This track displays a chromatin state segmentation for each of
nine human cell types.
A common set of states across the cell types were learned by
computationally integrating ChIP-seq data for
nine factors plus input
using a Hidden Markov Model (HMM). In total, fifteen states were used to
segment the genome, and these states were then grouped and colored to
highlight predicted functional elements.
Display Conventions and Configuration
This track is a composite track that contains multiple subtracks. Each subtrack represents data
for a different cell type and displays individually on the browser. Instructions for configuring tracks
with multiple subtracks are
The fifteen states of the HMM, their associated segment color, and the
candidate annotations are as follows:
- State 1 - Bright Red - Active Promoter
- State 2 - Light Red -Weak Promoter
- State 3 - Purple - Inactive/poised Promoter
- State 4 - Orange - Strong enhancer
- State 5 - Orange - Strong enhancer
- State 6 - Yellow - Weak/poised enhancer
- State 7 - Yellow - Weak/poised enhancer
- State 8 - Blue - Insulator
- State 9 - Dark Green - Transcriptional transition
- State 10 - Dark Green - Transcriptional elongation
- State 11 - Light Green - Weak transcribed
- State 12 - Gray - Polycomb-repressed
- State 13 - Light Gray - Heterochromatin; low signal
- State 14 - Light Gray - Repetitive/Copy Number Variation
- State 15 - Light Gray - Repetitive/Copy Number Variation
ChIP-seq data from the Broad Histone
track was used to generate this track. Data for
nine factors plus input
and nine cell types
was binarized separately at a 200 base pair resolution based on a Poisson
background model. The chromatin states were learned from this binarized data
using a multivariate Hidden Markov Model (HMM) that explicitly models the
combinatorial patterns of observed modifications (Ernst and Kellis, 2010).
To learn a common set of states across the nine cell types, first the genomes were concatenated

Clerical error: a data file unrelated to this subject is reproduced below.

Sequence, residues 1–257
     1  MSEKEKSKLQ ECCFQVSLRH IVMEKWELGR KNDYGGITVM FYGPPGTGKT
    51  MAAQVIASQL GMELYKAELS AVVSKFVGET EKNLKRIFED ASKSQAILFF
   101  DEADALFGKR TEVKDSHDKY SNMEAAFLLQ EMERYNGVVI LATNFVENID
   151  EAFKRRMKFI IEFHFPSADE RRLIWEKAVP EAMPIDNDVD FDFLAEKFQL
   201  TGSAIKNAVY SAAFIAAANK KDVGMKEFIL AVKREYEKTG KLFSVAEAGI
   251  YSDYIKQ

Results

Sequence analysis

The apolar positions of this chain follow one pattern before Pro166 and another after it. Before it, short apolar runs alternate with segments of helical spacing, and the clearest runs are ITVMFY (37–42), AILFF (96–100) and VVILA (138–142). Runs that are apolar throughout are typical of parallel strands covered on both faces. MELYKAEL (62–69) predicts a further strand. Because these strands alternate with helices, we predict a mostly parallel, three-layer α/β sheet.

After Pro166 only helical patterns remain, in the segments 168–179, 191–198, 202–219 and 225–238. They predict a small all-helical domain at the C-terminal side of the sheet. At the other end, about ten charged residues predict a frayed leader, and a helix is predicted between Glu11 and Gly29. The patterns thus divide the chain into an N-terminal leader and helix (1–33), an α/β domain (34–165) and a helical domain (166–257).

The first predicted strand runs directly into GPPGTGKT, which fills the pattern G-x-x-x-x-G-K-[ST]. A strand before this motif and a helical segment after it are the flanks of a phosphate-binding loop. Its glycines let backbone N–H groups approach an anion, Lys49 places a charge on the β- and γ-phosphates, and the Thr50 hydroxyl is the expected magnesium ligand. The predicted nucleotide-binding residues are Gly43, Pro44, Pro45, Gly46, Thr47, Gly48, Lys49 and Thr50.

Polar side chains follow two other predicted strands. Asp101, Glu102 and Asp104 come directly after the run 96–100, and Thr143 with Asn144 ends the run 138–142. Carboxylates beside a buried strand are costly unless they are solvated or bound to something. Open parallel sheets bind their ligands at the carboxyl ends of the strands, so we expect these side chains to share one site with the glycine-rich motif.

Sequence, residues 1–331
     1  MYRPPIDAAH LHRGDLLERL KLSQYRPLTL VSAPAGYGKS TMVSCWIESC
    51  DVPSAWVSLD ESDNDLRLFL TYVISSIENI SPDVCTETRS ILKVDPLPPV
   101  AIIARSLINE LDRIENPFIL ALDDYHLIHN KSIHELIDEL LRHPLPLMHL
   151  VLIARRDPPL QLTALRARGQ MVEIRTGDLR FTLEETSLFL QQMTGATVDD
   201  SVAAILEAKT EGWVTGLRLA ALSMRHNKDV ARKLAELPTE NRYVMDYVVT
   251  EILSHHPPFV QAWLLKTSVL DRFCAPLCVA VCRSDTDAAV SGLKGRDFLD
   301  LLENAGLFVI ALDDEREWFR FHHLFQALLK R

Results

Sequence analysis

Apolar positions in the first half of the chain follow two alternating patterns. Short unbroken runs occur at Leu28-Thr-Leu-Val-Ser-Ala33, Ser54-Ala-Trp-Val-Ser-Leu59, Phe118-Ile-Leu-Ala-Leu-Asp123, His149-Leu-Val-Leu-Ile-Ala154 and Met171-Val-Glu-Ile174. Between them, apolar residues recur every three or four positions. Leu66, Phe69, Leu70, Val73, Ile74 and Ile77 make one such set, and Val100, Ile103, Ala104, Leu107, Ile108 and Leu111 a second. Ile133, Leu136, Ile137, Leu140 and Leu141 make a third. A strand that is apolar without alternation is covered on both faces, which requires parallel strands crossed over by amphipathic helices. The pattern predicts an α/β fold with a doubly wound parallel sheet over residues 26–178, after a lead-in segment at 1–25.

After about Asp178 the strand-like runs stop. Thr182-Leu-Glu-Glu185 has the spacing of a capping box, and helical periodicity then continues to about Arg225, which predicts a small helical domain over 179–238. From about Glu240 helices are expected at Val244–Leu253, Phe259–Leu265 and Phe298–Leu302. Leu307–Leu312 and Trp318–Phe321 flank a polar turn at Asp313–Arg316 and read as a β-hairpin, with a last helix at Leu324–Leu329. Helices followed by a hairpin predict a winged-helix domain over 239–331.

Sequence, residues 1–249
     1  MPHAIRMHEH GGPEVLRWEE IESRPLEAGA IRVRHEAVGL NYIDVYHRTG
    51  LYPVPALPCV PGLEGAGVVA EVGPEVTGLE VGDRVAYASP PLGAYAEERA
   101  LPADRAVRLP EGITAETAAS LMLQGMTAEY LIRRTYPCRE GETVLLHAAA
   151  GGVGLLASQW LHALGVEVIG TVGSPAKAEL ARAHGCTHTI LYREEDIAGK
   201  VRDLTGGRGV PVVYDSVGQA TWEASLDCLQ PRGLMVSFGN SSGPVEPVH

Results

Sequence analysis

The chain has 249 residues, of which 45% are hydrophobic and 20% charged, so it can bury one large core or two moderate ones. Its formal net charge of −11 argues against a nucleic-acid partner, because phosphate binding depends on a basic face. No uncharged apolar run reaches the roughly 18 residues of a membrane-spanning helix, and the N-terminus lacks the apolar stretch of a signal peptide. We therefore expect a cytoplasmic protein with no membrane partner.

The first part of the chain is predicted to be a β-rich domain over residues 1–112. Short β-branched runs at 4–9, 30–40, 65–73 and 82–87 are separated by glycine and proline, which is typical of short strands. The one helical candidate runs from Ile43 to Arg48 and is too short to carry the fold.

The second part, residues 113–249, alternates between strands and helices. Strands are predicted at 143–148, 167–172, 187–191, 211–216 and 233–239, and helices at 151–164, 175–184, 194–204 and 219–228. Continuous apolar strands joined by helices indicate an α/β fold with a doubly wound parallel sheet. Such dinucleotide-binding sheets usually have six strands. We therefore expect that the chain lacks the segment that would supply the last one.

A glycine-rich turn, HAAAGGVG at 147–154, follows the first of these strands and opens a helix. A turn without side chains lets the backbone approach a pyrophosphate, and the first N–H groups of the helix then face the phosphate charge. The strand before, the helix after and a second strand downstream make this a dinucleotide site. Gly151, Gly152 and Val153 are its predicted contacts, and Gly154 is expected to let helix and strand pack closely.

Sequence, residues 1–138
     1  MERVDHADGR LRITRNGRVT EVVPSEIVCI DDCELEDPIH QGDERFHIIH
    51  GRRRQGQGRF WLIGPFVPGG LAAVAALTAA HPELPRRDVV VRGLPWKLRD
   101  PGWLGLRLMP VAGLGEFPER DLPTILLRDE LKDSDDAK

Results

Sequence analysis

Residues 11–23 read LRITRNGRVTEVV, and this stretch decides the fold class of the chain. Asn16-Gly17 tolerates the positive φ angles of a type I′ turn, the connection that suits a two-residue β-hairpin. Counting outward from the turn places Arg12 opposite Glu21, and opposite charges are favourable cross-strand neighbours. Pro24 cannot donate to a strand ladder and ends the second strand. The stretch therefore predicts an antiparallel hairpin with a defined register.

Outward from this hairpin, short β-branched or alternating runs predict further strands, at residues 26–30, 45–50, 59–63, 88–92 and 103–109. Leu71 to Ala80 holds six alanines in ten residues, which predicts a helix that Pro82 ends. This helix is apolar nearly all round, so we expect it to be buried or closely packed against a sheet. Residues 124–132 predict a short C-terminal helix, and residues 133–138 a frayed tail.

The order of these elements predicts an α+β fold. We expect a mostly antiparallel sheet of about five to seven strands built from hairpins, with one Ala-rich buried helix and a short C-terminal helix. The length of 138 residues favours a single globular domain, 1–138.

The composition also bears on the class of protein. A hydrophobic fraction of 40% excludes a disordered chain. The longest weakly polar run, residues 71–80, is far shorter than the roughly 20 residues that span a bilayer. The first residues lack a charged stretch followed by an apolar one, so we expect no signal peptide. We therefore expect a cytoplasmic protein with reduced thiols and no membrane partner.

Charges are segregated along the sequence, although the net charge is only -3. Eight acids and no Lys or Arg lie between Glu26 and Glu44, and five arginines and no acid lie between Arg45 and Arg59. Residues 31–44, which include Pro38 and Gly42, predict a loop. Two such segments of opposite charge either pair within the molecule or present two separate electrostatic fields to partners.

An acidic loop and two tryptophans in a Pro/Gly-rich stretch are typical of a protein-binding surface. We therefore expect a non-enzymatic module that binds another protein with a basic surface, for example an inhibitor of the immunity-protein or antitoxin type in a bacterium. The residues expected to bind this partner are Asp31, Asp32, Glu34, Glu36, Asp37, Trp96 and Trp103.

across the cell types. For each of the nine cell types, each 200 base pair interval
was then assigned to its most likely state under the model. Detailed information about the model
parameters and state
enrichments can be found in (Ernst et al, accepted).
This is release 1 (Jun 2011) of this track, and it is based on the NCBI36/hg18 release of the
Broad Histone track. This track
has also been lifted over to GRCh37/hg19.
It is anticipated that the HMM methods will be run on the newer GRCh37/hg19
Broad Histone data and will replace
the lifted version.
The ChIP-seq data were generated at the
Broad Institute and in the
Bradley E. Bernstein lab at the Massachusetts General Hospital/Harvard Medical School,
and the chromatin state segmentation was produced in
Manolis Kellis's Computational Biology group at the Massachusetts Institute of Technology.
Contact: Jason Ernst.
Data generation and analysis was supported by funds from the NHGRI (ENCODE),
the Burroughs Wellcome Fund, Howard Hughes Medical Institute, NSF, Sloan
Foundation, Massachusetts General Hospital and the Broad Institute.
Ernst J, Kellis M.
Discovery and characterization of chromatin states for systematic annotation of the human genome.
Nat Biotechnol. 2010 Aug;28(8):817-25.
Ernst J, Kheradpour P, Mikkelsen TS, Shoresh N, Ward LD, Epstein CB, Zhang X, Wang L, Issner R, Coyne M et al.
Mapping and analysis of chromatin state dynamics in nine human cell types.
Nature. 2011 May 5;473(7345):43-9.
Data Release Policy
Data users may freely use ENCODE data, but may not, without prior
consent, submit publications that use an unpublished ENCODE dataset until
nine months following the release of the dataset. This date is listed in
the Restricted Until column on the track configuration page and
the download page. The full data release policy for ENCODE is available
There is no restriction on the use of segmentation data.